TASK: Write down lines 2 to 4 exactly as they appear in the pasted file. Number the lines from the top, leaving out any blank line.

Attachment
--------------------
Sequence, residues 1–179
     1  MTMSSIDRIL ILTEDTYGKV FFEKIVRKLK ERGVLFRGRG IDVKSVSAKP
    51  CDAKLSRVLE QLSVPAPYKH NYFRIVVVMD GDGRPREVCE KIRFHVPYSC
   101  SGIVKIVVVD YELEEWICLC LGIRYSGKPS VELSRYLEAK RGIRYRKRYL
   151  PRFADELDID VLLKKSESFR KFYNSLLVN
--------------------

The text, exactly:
     1  MTMSSIDRIL ILTEDTYGKV FFEKIVRKLK ERGVLFRGRG IDVKSVSAKP
    51  CDAKLSRVLE QLSVPAPYKH NYFRIVVVMD GDGRPREVCE KIRFHVPYSC
   101  SGIVKIVVVD YELEEWICLC LGIRYSGKPS VELSRYLEAK RGIRYRKRYL